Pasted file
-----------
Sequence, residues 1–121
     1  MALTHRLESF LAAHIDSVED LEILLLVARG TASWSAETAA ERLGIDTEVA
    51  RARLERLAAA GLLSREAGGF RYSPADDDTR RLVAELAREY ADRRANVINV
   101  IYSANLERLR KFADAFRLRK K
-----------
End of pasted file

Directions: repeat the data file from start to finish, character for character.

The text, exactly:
Sequence, residues 1–121
     1  MALTHRLESF LAAHIDSVED LEILLLVARG TASWSAETAA ERLGIDTEVA
    51  RARLERLAAA GLLSREAGGF RYSPADDDTR RLVAELAREY ADRRANVINV
   101  IYSANLERLR KFADAFRLRK K